At the time of filming, Skipchen had been serving reclaimed food to its customers for months using a “pay-as-you-feel” business model. To get a firsthand look at the waste, Fearnley-Whittingstall accompanied Jarman and Joseph on one of their late-night visits to Tesco and Waitrose stores. As usual, they plundered skips that were chockfull of bottled drinks, bread, candy, fruit, meat, vegetables and other edible fare.

Jarman and Joseph estimate they have fed some 25,000 people during the past seven years with the bread, meat, produce and other items they have reclaimed on their middle-of-the-night scavenging rounds. At the time of filming, Skipchen, which is affiliated with the Real Junk Food Project, was one of about 10 “waste-not, want-not” cafes scattered across the U.K.

These food-waste restaurants offer quality meals at prices determined by the customer, based on what he or she can afford.3 According to The Independent, the U.K.’s first food-waste supermarket opened last year in Pudsey, near Leeds — another brainchild of the Real Junk Food Project:4

“Food-waste campaigners from the Real Junk Food Project have opened ‘the warehouse’ … Customers are invited to shop for food thrown out by supermarkets and other businesses. The food is priced on a ‘pay as you feel’ basis, and has already helped desperate families struggling to feed their children.”

Adam Smith, founder of the Real Junk Food Project, hopes to open similar warehouses in cities across the U.K. “Every city will now obtain central storage and run a ‘people’s supermarket,’ as well as Fuel for School,” he said. Fuel for School is a project that delivers surplus bread, dairy products, fruit and vegetables from local supermarkets to schools, where it helps to feed some 12,000 students each week.5

Charitable Organizations Step in to Redistribute Excess Food

Continuing his investigation into retail food waste, Fearnley-Whittingstall interviewed Lindsay Boswell, chief executive officer of FareShare, a charity that has as its mission to redirect food waste to community groups that provide meals to people in need. Boswell suggested large retailers prefer oversupply to undersupply as a strategy for keeping customers happy.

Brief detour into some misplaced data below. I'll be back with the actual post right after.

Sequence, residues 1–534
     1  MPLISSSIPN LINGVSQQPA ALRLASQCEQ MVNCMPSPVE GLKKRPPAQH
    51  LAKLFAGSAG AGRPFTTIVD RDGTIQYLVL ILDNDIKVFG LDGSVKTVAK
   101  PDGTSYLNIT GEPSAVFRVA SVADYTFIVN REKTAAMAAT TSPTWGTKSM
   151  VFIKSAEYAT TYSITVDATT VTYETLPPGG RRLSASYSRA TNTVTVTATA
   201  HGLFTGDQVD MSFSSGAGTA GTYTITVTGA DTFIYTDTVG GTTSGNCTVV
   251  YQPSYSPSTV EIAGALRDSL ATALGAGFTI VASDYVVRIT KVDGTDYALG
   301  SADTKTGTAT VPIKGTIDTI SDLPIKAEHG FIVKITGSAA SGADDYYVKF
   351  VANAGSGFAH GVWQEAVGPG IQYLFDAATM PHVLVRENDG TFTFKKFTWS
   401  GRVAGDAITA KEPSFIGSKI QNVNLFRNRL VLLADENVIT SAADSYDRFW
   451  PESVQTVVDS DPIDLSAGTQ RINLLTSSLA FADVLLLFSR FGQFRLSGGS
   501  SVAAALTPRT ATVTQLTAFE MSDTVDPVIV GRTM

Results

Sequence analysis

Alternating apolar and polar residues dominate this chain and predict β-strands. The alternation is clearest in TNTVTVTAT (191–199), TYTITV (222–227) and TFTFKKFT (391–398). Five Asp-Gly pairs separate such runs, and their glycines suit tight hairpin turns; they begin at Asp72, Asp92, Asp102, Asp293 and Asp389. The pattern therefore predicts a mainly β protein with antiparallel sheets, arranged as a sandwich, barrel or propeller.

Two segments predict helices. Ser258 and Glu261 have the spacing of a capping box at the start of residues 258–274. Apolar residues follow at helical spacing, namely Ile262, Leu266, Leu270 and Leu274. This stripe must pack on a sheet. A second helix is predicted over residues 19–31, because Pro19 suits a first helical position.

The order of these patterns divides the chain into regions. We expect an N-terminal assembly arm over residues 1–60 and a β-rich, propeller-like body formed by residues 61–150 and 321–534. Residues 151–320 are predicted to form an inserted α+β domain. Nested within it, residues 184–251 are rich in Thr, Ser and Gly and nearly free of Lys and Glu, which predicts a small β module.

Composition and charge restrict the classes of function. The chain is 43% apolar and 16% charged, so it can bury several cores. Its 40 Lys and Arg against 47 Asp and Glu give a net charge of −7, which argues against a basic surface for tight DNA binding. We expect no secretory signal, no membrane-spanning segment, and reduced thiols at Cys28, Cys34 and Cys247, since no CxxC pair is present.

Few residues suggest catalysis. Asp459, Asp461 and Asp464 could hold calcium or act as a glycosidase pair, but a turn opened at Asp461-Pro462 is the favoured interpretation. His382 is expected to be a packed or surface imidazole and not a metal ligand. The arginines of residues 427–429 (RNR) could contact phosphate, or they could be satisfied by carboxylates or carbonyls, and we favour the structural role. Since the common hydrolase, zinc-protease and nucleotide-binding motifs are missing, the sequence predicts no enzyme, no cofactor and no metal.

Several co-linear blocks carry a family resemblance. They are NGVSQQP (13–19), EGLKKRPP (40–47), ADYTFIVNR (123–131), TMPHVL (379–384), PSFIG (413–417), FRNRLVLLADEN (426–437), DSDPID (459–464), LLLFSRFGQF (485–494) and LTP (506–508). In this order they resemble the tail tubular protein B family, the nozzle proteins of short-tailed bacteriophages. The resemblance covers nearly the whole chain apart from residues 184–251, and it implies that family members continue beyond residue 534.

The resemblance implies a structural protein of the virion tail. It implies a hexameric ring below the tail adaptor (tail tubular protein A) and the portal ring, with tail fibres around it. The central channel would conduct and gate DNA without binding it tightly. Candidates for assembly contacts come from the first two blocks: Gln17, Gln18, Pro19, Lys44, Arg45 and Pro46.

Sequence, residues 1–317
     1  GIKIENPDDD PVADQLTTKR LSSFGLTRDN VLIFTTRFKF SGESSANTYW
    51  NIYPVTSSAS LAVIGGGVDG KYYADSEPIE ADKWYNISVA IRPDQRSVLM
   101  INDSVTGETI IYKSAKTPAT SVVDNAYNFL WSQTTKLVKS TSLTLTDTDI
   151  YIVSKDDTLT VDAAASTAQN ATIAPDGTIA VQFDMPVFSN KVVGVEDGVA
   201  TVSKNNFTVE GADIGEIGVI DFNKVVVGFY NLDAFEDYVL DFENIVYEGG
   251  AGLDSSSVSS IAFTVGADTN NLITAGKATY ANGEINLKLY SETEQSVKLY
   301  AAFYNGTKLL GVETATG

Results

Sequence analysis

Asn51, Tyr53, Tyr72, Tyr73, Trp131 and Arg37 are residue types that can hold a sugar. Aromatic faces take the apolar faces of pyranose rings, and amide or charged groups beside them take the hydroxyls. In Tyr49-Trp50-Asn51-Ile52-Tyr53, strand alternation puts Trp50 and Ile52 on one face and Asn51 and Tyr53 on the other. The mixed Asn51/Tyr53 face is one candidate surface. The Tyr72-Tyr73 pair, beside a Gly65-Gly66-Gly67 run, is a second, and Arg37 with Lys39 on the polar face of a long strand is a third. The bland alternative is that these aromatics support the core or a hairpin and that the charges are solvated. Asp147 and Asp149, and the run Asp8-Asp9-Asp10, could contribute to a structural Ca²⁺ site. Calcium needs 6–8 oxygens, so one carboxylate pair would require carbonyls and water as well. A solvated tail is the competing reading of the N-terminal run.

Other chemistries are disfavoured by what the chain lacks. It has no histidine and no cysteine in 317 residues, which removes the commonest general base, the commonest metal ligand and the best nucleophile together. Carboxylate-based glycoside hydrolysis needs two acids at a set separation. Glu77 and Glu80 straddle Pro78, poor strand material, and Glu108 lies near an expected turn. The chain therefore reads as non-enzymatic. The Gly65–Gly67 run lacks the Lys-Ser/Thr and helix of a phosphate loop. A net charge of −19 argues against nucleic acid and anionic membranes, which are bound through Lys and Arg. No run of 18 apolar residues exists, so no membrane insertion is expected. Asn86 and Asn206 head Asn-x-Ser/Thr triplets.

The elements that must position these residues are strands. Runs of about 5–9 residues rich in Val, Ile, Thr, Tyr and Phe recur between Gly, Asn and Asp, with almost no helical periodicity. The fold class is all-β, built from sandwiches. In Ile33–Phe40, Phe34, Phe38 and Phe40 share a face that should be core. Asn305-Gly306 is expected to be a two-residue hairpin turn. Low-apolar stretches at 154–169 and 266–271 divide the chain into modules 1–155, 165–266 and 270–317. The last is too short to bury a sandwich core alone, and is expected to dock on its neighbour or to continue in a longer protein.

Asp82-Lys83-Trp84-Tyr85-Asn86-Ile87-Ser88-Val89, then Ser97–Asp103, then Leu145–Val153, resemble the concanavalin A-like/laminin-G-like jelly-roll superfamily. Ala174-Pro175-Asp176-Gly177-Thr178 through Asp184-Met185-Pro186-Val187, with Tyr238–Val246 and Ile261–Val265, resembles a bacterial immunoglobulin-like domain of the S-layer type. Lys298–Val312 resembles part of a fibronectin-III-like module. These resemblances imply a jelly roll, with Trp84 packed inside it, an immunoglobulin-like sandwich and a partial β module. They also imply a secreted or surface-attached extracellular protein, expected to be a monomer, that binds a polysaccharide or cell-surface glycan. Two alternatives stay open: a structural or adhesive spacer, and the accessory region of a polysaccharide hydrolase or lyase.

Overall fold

He said: “The biggest crime in the food industry is to not be able to meet demand, and that starts when you and I walk into a supermarket. If the shelf is bare, we’ll go to their rival.” As a result, most stores purchase excessive amounts of food that often goes to waste before it can be sold. Stated Fearnley-Whittingstall, “As long as overproduction is the cornerstone of the supermarket business model, there will always be perfectly good food going to waste.”

In 2016, FareShare rescued 13.5 tons of wasted food while supporting more than 6,700 charities, which combined serve an estimated 28.6 million meals to people in need.6

A report7 issued by the Waste & Resources Action Program (WRAP), a U.K. charity focused on waste reduction and sustainability, indicated nearly 2 million tons of food is wasted in the nation’s grocery supply chain annually. In 2015, only 47,000 tons of the 270,000 tons of potentially available, edible food waste was passed on to organizations that redistributed it.

Boswell believes the WRAP figure is understated, suggesting, “as much as 400,000 tons of good, in-date surplus food could be redistributed to feed people each year.”8 He says his goal is to increase the amount of wasted food FareShare saves from just 2 percent to 25 percent. Clearly, there is more work to do.

The Quest for Aesthetically-Pleasing Fruits and Vegetables

Fearnley-Whittingstall visited a family farm in Norfolk where 20 tons of parsnips had been deemed unsellable for purely cosmetic reasons. The family had been supplying parsnips to Morrisons since the 1980s, but was forced out of business due to, in their opinion, unreasonable demands placed on them by the corporation. Fearnley-Whittingstall commented:

“The idea a parsnip should be selected under some kind of beauty-contest rules is absurd. Often you are talking about a size variation of a couple of millimeters, and this is the sole basis on which edible produce is being rejected.”

In support of their strict cosmetic standards, supermarket chains around the globe have long claimed consumers won’t buy unshapely produce. In the movie, two corporate executives from Morrisons, which has nearly 500 stores across the U.K., balked at the idea of displaying less-than-perfect produce. One executive stated: